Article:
Ford Motor Company
August 9, 2011

Moments after cracking the key in the '12 Boss 302 Mustang at the famed Laguna Seca (Mazda Raceway) in Monterey, California, I recognized the potential of this specialty Mustang.

It melds Ford's muscle car and racing heritage with a slathering of high-performance technology rarely seen in a production vehicle. I desperately wanted to dive in to the potential, and I soon had my chance.

That first meeting between Boss and I was fantastic ("Boss Therapy," June '11). I exercised the Pony's corner-cutting abilities and fantastic braking, but I really wanted more seat time on the street and strip. The green light came as Ford delivered the first Competition Orange tester to our Tampa facility.

While boost is cool, I have a thing for naturally aspirated power, and Mike Harrison, V-8 engine program manager at Ford, and his crew gave the Boss the heart of a lion. It has 444 glorious horsepower, endless revs, and with the sidepipe baffles removed, there isn't a better sounding new car on the road. (If technical data is what you're after, please refer to the aforementioned June issue of MM&FF. This story is about emotion and feel.)

The Boss Mustang plays to all your senses. It makes the right sounds, has the right feel, and you can almost taste the high level of cornering grip and braking power, as well as the smoothness. If you're not at redline, you want to be there. The Recaro front buckets cradle you, and the Alcantara-wrapped steering wheel has the softness of a beautiful woman. The pedals are placed nicely and have a smooth, perfectly modulated feel, and the steering is the best Ford has offered. You feel connected on many levels. Yes, I've become one with the Boss.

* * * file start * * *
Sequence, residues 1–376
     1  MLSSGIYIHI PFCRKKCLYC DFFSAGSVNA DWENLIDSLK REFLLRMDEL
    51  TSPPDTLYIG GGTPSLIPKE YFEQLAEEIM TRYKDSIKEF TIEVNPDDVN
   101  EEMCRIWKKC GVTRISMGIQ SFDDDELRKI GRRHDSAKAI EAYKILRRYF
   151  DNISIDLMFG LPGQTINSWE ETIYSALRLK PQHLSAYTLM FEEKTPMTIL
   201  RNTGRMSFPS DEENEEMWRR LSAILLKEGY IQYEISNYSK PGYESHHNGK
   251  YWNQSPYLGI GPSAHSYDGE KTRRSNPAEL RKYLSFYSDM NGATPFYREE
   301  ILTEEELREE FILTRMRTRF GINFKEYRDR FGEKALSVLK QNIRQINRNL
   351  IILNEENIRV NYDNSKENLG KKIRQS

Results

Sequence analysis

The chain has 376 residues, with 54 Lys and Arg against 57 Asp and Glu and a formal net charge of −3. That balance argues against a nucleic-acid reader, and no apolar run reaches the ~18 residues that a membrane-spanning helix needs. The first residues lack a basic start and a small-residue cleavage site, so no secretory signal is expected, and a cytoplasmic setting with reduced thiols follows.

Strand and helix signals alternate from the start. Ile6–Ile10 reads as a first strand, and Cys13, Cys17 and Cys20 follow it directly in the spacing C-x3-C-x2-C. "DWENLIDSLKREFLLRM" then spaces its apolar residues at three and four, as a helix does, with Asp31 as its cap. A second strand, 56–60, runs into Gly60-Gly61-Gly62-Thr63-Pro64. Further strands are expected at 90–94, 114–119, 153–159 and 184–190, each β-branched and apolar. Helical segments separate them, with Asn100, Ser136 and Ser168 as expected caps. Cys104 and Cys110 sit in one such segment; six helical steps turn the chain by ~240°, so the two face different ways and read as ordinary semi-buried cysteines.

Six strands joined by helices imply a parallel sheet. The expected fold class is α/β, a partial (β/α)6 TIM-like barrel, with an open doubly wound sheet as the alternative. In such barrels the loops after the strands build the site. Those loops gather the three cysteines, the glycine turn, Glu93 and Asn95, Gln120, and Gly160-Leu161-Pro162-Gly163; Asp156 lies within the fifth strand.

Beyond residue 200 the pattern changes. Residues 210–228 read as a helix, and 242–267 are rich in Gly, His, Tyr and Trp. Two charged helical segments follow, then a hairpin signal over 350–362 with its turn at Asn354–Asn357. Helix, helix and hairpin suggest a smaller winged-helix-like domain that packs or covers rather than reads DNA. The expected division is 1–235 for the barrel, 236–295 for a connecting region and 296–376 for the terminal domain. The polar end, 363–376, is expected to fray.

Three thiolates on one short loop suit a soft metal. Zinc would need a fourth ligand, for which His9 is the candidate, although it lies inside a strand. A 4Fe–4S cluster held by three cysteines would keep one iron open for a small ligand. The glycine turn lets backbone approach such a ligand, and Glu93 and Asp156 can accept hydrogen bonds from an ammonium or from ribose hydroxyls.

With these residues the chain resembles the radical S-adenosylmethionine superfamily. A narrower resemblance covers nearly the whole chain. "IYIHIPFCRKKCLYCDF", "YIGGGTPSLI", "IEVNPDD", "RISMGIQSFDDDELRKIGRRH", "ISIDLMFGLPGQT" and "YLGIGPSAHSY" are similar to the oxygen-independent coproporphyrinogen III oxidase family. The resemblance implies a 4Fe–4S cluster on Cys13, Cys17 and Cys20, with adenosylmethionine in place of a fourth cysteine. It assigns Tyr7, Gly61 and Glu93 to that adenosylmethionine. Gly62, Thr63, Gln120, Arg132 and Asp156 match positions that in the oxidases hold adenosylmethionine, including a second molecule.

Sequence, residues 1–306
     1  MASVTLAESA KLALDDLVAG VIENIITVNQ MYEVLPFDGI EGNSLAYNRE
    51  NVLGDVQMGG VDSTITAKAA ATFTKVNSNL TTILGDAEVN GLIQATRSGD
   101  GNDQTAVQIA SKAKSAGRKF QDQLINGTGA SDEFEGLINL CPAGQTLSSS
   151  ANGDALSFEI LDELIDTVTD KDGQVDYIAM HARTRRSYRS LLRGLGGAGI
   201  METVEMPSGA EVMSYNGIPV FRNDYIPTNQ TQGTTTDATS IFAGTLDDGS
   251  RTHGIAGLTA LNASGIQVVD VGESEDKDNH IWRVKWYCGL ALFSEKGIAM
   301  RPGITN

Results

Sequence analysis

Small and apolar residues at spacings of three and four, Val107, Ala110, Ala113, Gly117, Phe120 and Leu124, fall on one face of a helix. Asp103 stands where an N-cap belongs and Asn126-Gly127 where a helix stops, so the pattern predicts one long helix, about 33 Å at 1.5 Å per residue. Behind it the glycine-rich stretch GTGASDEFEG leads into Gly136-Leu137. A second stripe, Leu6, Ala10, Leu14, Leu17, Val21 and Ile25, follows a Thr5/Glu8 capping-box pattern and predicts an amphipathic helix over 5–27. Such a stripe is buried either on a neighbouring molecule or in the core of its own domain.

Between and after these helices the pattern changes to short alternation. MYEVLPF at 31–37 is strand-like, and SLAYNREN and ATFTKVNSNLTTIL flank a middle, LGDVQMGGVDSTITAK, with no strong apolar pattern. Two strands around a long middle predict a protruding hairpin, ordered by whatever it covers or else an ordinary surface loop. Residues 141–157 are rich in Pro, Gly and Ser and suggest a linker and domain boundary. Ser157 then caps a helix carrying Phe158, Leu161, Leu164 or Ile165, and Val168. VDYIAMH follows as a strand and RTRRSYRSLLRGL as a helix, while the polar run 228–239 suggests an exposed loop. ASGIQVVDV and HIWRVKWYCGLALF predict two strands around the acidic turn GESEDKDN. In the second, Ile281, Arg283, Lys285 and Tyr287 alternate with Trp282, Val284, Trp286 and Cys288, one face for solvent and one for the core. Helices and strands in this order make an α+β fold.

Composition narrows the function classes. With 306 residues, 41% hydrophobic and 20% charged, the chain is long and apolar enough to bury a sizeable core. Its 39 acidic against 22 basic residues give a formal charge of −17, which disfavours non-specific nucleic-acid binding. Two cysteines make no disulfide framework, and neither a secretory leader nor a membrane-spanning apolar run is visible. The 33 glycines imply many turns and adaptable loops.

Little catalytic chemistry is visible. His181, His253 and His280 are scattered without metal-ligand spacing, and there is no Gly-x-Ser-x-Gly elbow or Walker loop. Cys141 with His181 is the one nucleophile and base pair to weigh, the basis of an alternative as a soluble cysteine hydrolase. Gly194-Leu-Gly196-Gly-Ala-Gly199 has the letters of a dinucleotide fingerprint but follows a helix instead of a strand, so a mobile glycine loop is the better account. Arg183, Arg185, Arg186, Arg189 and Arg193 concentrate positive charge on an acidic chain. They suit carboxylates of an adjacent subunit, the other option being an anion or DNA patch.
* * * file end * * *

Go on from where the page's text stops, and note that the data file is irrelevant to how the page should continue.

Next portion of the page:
But I digress. The new Boss 302 is fashioned after the original, a special package sold in 1969-1970, with enormous Cleveland heads installed to provide homologation for the Boss 302-powered Mustangs used in Trans Am racing. Parnelli Jones piloted a Boss 302 to the '70 Trans Am championship, a series that carried massive weight for the time. His win in 1970 remains a milestone achievement in American racing history.

Point being, the Boss 302 was never designed as a straight-line shooter-but don't be fooled. The engineers at Ford care greatly about acceleration. And while they secretly crave hardcore strip numbers from their Mustangs, they prefer to build all-around performance Stangs with a balance between cornering, acceleration, braking, and ride quality. Harrison and his team have masterfully crafted a fantastic engine that screams like an all-out racer, yet is docile and ready for the daily shuttle about town.

Drag racing can be raw, but it's extremely accessible, safe, often affordable, and a great way to enjoy your Mustang or fast Ford. You can't beat the instant gratification gained from seeing your results in a matter of seconds-especially after you make some mods. Throw a clutch and shifter into the mix and the driver becomes a direct link to the acceleration process, one that can make a difference when you're jammin' gears at 7,500 rpm!

Our task was to cover the 1,320 as quickly as possible, utilizing each of the 444 hp and 380 lb-ft of torque. But before hitting the strip, we removed the exhaust baffles on each side. According to Ford, ditching the baffles does nothing for performance, but it does everything for the driver's ego. It's raspy growl is nothing short of magical.

Back behind the wheel, we were southbound on I-75 heading to Bradenton Motorsport Park in Florida for an open track night. The air was thick (89 degrees and 85-plus percent humidity) and there was a slight headwind, but we didn't care. BMP's staff prepped the track, while we traded the stock Goodyear rubber for our Mickey Thompson 275 ET Street Radials. Our anticipation was high as we all wondered what the Boss could do. Associate Editor Marc Christ handled the tire swap, while I set up the cooling fans and we also prepared our video gear.

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